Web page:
My Future

How To Find (And Get The Most Out Of) A Great Mentor

We spoke to a mentor and a mentee about how to do it.

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We all know that there are many benefits to having a mentor. You gain insight into their career field, as well as receive advice and feedback on whether you’re on the right track to hitting your life goals.

This semester, I’ve been paired up with a mentor, Simon, through university. I decided to ask him and another mentee in the program, Hans, about their experiences and see if they had any tips to share.

#1 Keep An Open Mind

One of the most important things about finding a mentor is being open to their unique careers and experiences. This means they don’t have to be working in your chosen field to give helpful career guidance.

In Hans’ perspective, being paired up with a financial consultant as an aspiring civil engineer was a great opportunity to “meet a great guy with a wealth of knowledge”. He said his mentor, Hugh, “used his networks to get me in contact with currently practising civil engineers who I wouldn’t have met otherwise.”

My mentor Simon also pointed out that another benefit of your mentor coming from a different career field is that they could bring you fresh perspectives and insights.

“It’s easy to become fixated on a profession or ideal job while studying,” he says, “but the world is a big place and there are lots of opportunities that might not be apparent at this stage. The key is to focus on what a mentor can offer, rather than what differences there might be.”

#2 Finding A Mentor

Thankfully, finding a mentor isn’t too difficult as a university student. All I had to do was attend a compulsory information session at uni and fill in a profile about who I was and why I wanted a mentor.

“Don’t be afraid to approach someone, just be respectful and open about what you are hoping to achieve.”

If there’s someone specific you want to approach outside of uni, Simon suggests that your best bet is to do your homework before approaching them.

“If you can show some understanding of their work, their background and how you can see their advice being helpful to you, that’s a good place to start,” he says. “Don’t be afraid to approach someone, just be respectful and open about what you are hoping to achieve.”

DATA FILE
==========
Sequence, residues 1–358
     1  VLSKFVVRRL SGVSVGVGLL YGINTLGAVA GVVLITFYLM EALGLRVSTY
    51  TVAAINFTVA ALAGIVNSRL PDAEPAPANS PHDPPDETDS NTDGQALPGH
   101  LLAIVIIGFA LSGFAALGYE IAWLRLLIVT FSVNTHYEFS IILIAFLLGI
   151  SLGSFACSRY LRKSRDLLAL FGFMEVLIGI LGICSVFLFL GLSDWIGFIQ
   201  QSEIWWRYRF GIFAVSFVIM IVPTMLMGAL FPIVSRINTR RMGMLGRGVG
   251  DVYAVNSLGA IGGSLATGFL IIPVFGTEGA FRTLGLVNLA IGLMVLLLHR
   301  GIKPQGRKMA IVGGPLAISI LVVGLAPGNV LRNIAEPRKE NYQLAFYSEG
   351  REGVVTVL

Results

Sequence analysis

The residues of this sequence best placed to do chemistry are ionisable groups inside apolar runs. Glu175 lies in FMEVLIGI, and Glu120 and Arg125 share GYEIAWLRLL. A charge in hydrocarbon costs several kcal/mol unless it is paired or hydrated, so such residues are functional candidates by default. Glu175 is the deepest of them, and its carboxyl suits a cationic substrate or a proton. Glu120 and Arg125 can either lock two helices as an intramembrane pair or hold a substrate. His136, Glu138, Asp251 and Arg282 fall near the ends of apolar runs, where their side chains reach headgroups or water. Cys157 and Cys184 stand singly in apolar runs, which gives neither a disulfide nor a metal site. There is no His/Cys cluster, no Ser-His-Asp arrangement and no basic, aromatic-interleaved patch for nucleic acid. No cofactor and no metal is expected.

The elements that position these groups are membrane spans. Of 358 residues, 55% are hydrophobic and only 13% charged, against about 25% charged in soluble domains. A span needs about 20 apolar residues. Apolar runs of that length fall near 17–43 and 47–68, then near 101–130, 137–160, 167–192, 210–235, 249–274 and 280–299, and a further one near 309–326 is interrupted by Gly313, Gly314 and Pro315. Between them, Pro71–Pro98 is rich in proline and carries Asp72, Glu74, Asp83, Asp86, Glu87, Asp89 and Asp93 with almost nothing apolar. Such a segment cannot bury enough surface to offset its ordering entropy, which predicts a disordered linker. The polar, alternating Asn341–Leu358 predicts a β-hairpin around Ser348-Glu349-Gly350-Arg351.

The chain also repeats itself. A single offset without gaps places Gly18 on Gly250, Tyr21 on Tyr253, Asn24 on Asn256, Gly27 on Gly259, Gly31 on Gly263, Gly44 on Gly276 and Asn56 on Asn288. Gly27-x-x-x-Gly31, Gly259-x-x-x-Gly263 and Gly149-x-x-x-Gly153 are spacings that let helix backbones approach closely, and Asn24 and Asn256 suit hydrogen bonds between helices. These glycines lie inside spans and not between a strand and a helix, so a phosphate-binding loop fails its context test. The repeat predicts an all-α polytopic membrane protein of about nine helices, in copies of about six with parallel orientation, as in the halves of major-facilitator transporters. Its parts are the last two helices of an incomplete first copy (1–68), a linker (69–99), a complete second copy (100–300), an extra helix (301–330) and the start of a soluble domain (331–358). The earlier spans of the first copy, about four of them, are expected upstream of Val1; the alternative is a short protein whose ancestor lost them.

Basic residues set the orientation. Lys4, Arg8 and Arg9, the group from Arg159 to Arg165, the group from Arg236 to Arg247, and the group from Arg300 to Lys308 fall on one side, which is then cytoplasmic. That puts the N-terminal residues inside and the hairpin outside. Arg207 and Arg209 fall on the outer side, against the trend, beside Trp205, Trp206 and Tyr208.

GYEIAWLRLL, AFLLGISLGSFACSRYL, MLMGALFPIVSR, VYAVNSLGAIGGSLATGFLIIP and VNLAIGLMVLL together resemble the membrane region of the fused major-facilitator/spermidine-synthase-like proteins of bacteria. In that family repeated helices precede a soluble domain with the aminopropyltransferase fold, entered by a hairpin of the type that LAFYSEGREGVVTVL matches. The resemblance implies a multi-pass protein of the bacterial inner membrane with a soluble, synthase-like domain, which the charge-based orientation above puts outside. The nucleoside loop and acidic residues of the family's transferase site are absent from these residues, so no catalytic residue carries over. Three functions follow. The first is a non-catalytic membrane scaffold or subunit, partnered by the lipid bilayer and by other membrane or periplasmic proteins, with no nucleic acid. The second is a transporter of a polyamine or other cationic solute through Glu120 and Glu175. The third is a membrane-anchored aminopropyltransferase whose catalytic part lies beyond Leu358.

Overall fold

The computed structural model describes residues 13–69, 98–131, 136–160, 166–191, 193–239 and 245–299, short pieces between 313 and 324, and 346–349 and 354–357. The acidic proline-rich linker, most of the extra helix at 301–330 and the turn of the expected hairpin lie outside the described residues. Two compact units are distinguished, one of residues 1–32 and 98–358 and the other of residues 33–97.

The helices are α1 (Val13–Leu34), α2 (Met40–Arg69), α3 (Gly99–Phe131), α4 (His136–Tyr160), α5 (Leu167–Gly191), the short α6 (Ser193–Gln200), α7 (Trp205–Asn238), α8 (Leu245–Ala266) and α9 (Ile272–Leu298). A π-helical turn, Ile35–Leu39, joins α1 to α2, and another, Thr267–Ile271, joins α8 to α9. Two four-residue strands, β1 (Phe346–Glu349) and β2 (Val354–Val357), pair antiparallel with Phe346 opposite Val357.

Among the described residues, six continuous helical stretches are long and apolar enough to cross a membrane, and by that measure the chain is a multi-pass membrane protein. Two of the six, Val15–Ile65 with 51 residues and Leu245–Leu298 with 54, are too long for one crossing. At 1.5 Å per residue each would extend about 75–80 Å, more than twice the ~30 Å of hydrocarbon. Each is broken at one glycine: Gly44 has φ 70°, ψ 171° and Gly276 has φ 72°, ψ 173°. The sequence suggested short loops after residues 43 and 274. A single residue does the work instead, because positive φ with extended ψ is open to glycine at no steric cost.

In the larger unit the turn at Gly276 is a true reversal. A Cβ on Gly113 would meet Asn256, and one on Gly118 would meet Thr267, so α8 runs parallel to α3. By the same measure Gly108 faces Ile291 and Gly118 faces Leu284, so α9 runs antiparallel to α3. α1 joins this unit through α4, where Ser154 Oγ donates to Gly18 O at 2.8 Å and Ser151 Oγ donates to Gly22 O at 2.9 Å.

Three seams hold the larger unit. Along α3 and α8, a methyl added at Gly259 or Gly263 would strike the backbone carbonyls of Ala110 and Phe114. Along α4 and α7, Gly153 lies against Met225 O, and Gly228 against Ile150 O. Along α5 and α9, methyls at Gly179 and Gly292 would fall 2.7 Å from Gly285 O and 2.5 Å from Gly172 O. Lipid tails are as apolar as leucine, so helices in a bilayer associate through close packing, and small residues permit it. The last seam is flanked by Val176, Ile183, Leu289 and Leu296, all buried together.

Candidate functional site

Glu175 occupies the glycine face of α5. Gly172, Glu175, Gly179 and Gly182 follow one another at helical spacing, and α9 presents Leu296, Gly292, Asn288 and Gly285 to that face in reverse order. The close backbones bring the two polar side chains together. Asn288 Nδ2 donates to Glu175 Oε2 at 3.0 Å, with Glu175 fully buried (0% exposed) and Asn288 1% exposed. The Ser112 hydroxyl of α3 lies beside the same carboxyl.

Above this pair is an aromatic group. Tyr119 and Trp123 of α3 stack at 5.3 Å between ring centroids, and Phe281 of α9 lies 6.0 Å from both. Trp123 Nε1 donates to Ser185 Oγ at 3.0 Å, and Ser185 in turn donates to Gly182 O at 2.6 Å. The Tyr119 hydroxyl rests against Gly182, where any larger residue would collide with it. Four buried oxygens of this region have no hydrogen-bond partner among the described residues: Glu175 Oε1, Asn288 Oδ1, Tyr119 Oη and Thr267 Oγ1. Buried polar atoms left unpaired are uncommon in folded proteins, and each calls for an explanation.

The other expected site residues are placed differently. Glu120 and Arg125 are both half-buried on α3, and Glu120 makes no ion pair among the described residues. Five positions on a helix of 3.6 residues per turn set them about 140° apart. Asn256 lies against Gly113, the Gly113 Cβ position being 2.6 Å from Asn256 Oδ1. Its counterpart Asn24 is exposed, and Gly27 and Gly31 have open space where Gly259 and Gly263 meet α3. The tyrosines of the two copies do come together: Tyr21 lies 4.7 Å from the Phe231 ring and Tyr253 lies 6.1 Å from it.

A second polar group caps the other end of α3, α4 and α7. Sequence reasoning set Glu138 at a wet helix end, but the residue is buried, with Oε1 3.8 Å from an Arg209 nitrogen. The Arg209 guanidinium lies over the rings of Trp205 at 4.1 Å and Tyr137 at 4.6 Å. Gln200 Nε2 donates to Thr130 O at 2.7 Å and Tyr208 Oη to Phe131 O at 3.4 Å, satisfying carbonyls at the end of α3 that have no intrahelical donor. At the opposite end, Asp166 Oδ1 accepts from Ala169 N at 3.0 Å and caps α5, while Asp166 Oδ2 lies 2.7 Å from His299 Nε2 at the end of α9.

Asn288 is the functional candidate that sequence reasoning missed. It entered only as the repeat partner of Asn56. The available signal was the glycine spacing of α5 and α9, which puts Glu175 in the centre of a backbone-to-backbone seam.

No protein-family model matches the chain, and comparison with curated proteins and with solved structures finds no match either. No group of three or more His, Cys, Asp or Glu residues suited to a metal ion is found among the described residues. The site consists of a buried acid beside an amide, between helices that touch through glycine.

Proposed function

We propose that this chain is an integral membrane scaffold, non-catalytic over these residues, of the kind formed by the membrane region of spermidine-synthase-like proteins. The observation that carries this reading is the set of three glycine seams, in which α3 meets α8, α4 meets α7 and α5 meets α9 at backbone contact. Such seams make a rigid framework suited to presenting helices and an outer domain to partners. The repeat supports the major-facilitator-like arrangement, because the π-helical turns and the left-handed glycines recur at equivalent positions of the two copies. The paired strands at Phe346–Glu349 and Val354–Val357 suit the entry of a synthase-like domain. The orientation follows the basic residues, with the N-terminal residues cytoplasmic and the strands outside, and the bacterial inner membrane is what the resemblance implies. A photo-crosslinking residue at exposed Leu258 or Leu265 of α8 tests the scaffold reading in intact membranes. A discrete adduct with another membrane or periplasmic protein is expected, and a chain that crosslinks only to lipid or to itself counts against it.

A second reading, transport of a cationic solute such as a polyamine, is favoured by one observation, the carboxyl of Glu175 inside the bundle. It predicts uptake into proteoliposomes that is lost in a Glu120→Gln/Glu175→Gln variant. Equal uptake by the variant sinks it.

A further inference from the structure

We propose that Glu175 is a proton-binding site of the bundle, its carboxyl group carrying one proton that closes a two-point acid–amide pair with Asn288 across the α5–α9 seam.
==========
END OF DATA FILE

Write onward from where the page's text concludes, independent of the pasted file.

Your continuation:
#3 Meeting Up With Your Mentor

So now you have a mentor, how does it actually work? How often should you meet and where? Who grabs the bill?

The answer to all these questions really depends on the individuals involved, everything can be resolved with an open and honest discussion!

In Hans’ case, he met up with Hugh approximately once every three weeks at Hugh’s workplace. They communicated over the phone, text and email depending on the urgency of the topic and level of follow up required.

Simon and I on the other hand emailed back and forth and explored the cafes around Melbourne CBD once every month or so.

#4 Maximising The Value Of A Mentorship

When you make first contact with your mentor, it’s crucial to tell them a little bit more about who you are, share your reasons for pursing a mentoring relationship and discuss what you hope to achieve. This will help you get some structure for the progression of the relationship, receive relevant advice and have get measurable results.

Another tip both Hans and Simon share is that you should never hold anything back out of embarrassment.

Simon believes that “asking the basic, seemingly dumb questions will help you the most.”

“asking the basic, seemingly dumb questions will help you the most.”

That being said, a mentoring relationship should be reciprocal and Hans thinks that the best way to help your mentors get the most out of the relationship is to make the effort to show them who you are as an individual,

“Having them see what you put your time into lets them see what sort of person you are,” he says. “So there can be a deeper connection than a meeting every few weeks to talk about your CV and Linkedin.”

If a mentoring relationship sounds like something you’d be interested in, I definitely recommend you put yourself out there and give it a try!

(Lead image: Parks and Recreation/NBC)